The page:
Tag Archives: Ecclesiastical Latin

Essential Latin for Reformed Christians: “Ex nihilo”

Reader’s Digest used to have a feature called “It Pays To Enrich Your Word Power.”  Readers could quiz themselves on the meanings of English words.  In the old days, RD motivated readers with the notion that having an advanced vocabulary would benefit you socially and work-wise.  True or not, for Reformed Christians it is beneficial to know some key terms, not only in English, but in Latin too.  Through the years, some terms have become part of our theological vocabulary and sometimes authors and preachers will use them assuming everyone knows what they mean.  And what if you don’t?  That’s where this series comes to your rescue.

Today we’re looking at ex nihilo.  It means “from nothing.”  In theology, it’s used in relation to creation, so the full expression is creatio ex nihilo — “creation from nothing.”  This speaks of God creating the entire universe by the power of his Word, without using any pre-existent matter.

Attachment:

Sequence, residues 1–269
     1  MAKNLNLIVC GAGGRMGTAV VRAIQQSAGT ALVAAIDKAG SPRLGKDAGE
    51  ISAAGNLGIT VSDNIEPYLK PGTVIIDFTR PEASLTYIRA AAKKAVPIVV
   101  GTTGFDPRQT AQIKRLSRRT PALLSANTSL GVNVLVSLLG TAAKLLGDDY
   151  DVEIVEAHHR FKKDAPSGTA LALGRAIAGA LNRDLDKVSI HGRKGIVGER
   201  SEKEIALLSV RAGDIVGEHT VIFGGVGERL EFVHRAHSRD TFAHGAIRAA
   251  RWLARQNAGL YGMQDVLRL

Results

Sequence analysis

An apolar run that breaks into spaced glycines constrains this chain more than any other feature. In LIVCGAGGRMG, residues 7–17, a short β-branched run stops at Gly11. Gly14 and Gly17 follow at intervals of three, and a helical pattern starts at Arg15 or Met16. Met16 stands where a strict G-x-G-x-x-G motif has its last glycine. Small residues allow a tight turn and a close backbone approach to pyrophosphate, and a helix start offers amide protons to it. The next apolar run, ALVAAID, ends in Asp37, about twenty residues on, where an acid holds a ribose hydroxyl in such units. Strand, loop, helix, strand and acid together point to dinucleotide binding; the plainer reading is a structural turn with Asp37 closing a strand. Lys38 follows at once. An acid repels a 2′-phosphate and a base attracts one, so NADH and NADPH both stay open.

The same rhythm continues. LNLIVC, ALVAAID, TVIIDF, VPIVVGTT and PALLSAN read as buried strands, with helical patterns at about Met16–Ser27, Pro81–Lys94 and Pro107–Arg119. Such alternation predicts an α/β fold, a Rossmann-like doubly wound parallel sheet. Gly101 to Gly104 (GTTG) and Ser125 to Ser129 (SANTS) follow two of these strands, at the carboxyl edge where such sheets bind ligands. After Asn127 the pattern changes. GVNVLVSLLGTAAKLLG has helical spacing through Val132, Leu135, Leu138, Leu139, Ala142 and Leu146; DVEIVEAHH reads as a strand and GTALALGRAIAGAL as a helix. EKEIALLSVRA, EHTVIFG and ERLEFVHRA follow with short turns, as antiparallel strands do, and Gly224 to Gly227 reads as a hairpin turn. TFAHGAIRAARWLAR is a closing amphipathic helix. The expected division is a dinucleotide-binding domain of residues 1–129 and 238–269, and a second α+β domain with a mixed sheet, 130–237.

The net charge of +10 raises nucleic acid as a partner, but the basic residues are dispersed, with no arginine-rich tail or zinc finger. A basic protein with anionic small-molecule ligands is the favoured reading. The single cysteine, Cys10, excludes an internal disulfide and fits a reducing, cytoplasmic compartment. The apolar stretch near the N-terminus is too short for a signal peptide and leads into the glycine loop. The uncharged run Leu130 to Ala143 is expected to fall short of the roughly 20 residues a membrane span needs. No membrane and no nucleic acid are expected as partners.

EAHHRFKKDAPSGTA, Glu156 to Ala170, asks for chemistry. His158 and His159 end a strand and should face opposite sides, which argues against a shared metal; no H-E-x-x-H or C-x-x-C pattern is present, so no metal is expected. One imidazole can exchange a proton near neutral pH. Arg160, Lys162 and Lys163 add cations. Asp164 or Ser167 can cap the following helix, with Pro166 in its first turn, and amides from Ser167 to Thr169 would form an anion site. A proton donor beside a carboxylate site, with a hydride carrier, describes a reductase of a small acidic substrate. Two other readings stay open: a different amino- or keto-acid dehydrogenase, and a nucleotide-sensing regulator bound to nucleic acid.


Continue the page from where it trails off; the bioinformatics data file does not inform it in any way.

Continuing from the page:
We believe that God created ex nihilo on the basis of biblical teaching.  Genesis 1:1 says, “In the beginning God created the heavens and the earth.”  At the beginning, God created the universe.  Hebrews 11:3 elaborates:  “By faith we understand that the universe was created by the word of God, so that what is seen was not made out of things that are visible.”  The material universe came into existence by God’s Word, not by God working with material (visible things) that had been there before.  Romans 4:17 speaks in a similar way.  It speaks of the God in whom Abraham believed, “who gives life to the dead and calls into existence the things that do not exist.”  Prior to God’s call through his Word, there was nothing — then with his call, things sprung into existence.  Summarizing the Bible’s teaching, the Belgic Confession says, “We believe that the Father through the Word, that is, through his Son, has created out of nothing heaven and earth and all creatures…” (BC 12).